Fuchs Sees Shrinking Base Oil Surplus


A variety of factors have been cited as contributing to the elevated level of base oil prices the past year and a half – cost of crude oil, the opportunity cost of making fuels, rebounding base oil demand. The outgoing chairman of Fuchs Petrolub AG recently added another trend to the list: the shrinking of the surplus of global base oil manufacturing capacity.

Manfred Fuchs told a conference in Dubai, United Arab Emirates, April 20 that the cushion between the volume of base oil that the world needs and the amount it is capable of producing has declined by nearly two thirds in the past three years. Fuchs, who turned over his chairmanship to his son Stefan earlier this year, suggested the trend has compromised the markets ability to cope with imbalances and disruptions. One industry consultant agreed with his conclusions while another disagreed.

Two key assumptions underlie Manfred Fuchs’ analysis, included inhis presentationto the ICIS-LOR Middle Eastern Base Oils and Lubricants Conference.The first assumption is to equate operating capacity to operating rate. That is,Fuchs assumed that base oil plants are putting out virtually as many barrels as they are practically able to produce. Consequently,he pegged global operating capacity in 2003 at 35.9 million metric tons. The second important premise is that lubricants worldwide have average virgin base oil content of 90.3 percent.

Working from these assumptions – andhis estimate that finished lubricant demand was 37.2 million tons last year – the Mannheim, Germany, based executive calculated that base oil operating capacity exceeded demand by just 2.2 million tons, or 6.2 percent. Fuchs said the surplus was down sharply from approximately 6.6 million tons in 2000.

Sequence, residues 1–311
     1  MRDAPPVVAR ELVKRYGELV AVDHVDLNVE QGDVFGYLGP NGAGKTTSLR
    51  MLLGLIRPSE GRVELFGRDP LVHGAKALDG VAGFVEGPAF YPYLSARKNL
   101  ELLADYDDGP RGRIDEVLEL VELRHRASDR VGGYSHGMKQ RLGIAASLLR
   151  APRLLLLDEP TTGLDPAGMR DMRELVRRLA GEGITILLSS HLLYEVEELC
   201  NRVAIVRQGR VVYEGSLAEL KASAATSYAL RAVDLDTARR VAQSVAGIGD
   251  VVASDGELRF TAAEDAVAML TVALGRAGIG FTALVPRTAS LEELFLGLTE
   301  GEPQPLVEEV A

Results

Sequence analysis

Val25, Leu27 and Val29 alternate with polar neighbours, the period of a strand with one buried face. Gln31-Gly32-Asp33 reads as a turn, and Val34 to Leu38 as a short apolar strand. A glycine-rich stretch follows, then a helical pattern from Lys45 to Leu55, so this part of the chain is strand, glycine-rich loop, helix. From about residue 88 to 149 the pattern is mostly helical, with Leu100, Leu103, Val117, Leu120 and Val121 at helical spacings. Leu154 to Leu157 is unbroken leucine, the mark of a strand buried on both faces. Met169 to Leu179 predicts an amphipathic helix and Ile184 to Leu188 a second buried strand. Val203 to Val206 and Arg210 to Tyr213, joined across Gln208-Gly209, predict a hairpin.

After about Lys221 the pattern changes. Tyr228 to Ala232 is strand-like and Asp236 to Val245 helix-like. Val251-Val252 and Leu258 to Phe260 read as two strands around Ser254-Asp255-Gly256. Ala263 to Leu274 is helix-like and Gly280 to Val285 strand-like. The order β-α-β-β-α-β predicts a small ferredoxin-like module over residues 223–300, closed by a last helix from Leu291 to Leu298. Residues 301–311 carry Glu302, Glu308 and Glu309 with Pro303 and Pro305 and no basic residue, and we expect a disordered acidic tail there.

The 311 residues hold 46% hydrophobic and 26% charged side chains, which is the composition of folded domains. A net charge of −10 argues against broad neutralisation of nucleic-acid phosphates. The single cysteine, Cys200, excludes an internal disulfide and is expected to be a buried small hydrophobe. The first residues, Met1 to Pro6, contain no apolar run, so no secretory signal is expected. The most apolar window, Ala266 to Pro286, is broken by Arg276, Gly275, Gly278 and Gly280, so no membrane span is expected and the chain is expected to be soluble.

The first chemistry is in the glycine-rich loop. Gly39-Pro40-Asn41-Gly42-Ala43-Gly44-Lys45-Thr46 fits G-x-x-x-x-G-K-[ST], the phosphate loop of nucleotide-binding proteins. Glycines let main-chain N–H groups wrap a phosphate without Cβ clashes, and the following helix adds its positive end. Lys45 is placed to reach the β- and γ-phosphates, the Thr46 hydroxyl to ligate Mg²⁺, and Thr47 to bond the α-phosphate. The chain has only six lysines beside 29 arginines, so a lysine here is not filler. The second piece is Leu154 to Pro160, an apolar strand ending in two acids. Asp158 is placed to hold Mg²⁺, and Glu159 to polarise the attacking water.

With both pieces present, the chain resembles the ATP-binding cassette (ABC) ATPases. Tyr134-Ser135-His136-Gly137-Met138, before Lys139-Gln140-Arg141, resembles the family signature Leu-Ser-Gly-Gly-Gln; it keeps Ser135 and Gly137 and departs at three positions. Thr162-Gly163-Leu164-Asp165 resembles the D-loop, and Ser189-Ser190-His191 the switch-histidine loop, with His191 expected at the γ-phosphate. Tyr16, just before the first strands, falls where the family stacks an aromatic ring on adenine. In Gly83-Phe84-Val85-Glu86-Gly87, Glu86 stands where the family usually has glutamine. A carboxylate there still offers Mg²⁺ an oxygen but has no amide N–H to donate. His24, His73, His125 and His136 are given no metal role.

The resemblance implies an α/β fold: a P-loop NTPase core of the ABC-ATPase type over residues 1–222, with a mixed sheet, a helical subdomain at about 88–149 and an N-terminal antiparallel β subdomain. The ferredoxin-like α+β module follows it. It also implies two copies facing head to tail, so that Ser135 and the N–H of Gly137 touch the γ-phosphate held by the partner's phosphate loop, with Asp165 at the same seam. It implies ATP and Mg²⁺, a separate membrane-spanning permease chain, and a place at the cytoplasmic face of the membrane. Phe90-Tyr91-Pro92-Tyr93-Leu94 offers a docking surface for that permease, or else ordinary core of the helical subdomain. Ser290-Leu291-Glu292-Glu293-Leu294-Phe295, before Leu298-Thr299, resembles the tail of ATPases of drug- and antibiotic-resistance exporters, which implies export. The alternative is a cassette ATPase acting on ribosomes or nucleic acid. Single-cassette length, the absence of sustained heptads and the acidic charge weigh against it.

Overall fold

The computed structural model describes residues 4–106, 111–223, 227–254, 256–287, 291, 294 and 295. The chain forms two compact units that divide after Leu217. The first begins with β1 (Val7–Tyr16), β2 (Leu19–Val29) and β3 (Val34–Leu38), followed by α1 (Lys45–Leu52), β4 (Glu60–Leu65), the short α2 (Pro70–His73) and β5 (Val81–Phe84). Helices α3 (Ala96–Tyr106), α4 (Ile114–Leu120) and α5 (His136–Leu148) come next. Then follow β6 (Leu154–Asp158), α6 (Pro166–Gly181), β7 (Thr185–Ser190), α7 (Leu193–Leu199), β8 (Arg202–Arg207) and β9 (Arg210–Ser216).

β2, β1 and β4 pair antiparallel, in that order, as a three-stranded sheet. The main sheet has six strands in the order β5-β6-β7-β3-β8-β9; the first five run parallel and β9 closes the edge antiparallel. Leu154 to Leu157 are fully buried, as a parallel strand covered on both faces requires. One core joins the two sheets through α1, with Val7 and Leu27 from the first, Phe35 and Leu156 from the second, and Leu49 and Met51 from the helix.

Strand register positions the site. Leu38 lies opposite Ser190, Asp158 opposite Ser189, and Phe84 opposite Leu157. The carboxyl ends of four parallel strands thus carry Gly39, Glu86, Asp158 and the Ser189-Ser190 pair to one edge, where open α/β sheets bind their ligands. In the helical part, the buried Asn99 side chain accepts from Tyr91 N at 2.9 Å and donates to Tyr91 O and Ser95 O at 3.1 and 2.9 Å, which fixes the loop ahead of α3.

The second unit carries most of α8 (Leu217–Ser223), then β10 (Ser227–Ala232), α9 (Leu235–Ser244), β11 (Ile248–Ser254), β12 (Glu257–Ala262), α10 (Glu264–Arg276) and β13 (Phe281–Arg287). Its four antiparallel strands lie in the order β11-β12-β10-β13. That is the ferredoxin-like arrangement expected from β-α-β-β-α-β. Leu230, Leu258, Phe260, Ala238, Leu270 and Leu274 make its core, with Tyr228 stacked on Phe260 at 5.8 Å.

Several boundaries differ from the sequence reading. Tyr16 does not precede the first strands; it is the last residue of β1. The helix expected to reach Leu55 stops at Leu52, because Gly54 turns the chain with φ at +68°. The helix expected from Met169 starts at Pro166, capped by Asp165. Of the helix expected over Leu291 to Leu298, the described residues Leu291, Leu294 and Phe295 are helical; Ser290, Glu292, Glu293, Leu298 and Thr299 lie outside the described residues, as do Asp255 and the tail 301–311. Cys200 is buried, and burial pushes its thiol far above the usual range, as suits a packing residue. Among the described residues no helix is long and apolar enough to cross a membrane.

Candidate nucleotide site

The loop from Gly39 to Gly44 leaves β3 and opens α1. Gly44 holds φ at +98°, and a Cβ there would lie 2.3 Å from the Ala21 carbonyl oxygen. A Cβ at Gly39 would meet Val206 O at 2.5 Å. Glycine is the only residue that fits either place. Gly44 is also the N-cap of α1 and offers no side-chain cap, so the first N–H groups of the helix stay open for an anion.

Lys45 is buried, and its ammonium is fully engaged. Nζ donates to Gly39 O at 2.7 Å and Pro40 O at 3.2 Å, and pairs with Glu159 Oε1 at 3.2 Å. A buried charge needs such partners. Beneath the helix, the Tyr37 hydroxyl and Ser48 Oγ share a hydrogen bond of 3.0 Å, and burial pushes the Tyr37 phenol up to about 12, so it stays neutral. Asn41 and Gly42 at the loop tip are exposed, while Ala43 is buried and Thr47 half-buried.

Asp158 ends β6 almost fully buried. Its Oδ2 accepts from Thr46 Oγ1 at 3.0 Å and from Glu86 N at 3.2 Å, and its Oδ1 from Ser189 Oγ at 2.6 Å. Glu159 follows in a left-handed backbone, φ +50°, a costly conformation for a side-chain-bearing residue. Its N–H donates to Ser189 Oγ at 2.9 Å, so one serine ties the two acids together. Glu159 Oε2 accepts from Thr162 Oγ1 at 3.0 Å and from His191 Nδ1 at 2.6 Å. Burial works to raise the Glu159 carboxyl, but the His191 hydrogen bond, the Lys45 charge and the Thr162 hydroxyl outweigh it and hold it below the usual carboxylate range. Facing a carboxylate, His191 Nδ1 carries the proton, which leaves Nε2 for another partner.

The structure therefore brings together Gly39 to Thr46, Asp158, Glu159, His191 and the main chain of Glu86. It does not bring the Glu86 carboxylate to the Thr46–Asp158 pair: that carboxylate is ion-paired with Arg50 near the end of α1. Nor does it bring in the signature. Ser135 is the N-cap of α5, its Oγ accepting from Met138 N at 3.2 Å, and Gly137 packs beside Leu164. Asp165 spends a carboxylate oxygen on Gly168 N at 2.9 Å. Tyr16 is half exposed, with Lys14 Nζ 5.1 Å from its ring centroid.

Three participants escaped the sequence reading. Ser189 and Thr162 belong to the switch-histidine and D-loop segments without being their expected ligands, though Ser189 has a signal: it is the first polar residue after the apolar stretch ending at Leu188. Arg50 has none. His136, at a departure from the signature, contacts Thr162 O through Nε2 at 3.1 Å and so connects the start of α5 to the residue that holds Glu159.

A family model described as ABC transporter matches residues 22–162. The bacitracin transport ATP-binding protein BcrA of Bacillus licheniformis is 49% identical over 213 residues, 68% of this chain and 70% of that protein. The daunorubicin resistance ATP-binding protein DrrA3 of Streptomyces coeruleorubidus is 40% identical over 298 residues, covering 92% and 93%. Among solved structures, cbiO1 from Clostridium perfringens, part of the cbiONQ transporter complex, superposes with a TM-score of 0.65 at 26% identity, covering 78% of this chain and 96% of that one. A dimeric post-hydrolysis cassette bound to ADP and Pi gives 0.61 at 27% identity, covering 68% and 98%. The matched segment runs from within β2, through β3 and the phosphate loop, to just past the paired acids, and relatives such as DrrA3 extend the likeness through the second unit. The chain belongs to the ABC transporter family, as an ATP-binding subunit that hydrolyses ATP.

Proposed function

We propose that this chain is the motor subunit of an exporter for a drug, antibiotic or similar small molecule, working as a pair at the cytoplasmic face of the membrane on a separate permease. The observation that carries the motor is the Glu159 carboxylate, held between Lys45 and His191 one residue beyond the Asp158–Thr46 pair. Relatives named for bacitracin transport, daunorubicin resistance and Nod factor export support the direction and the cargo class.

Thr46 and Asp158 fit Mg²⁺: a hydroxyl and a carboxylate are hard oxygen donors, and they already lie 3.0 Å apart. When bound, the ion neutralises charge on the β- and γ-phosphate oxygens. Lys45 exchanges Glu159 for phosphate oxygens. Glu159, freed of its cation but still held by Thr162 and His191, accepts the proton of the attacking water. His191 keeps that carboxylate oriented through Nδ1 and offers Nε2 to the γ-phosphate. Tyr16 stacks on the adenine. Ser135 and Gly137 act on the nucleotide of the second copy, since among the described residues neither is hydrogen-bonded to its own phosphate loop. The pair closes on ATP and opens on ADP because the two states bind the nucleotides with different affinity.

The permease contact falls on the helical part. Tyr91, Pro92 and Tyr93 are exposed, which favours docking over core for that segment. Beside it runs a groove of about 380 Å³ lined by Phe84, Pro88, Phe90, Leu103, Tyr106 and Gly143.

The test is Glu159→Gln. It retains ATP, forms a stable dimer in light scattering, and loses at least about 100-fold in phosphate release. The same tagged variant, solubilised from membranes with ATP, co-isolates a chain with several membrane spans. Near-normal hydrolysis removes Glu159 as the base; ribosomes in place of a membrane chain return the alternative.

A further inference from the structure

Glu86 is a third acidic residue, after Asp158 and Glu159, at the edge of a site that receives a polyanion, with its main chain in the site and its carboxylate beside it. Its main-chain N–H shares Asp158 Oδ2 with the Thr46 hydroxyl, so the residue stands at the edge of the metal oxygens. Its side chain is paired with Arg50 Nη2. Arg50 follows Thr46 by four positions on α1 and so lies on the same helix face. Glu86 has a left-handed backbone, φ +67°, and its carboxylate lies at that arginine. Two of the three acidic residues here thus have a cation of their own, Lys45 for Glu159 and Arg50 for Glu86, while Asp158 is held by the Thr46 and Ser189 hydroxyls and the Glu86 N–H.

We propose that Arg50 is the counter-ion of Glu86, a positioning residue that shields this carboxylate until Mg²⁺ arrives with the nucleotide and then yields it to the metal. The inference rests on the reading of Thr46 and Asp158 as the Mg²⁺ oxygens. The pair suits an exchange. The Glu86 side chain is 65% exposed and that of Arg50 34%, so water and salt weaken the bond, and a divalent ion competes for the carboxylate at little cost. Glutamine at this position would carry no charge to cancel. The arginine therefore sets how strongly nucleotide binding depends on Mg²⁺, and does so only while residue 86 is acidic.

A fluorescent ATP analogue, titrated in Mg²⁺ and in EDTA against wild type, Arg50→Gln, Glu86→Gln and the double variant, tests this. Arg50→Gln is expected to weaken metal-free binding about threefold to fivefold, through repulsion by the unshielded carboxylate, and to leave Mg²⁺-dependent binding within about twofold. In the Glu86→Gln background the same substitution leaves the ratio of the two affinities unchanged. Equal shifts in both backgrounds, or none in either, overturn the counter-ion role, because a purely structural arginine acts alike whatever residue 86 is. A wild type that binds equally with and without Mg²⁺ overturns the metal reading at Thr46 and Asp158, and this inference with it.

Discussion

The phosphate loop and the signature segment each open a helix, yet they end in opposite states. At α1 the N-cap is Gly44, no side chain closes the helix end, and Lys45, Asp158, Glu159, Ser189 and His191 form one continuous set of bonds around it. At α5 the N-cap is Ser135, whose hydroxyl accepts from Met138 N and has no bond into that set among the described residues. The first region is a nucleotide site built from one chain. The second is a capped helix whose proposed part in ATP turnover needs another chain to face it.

The drop-off of the last few years, Fuchs said, has left the industry with a capacity cushion that is very little to deal with the various groups of conventional and unconventional base oils, as well as with local and viscosity imbalances, turnarounds and other disruptions.

While emphasizing that other factors also affect prices, Fuchs said the decrease in surplus capacity has changed the balance between supply and demand, and he suggested that the change in turn affects volatility of prices. As an example, he noted that the price of Group I solvent neutral 150 in northwest Europe climbed 27 percent in 2003 to $387 per ton. The price is now approaching $400 per ton, its highest level in years.

Two independent consultants, both of whom have just completed their own base oil studies, offered different takes on Fuchs analysis. David Whitby, of Pathmaster Marketing Ltd. in Surrey, U.K., agreed with Fuchs basic conclusion that the gap between the amount of base oil that suppliers are capable of producing and the volume that they actually make has been falling. Rather than trying to calculate surplus capacity, Pathmaster looks at variations in operating and utilization rates.

The steady decrease in total global nameplate capacity and the increases in operating and utilization rates means less flexibility to adjust supply to cope with unplanned shutdowns in older plants, Whitby told Lube Report. He added that the narrowing of this gap tends to keep base oil prices firm, although he identified crude costs and fuels demand as factors that drive up base oil prices. He also contended that base oil prices have become less volatile in recent years.

On the other hand, Steve Ames, of SBA Consulting LLC in Pepper Pike, Ohio, estimated that the worldwide surplus of base oil capacity was between 4.8 million tons and 5 million tons last year and that it has not fallen significantly in recent years.

I do not believe there has been any material change to the magnitude of the overall capacity surplus, Ames told Lube Report. He maintained that base oil has been more strongly affected by growing demand for advanced base oils, which he saw as leading to growing surpluses of heavy Group I neutrals and tightness for lighter grades of premium base stocks.

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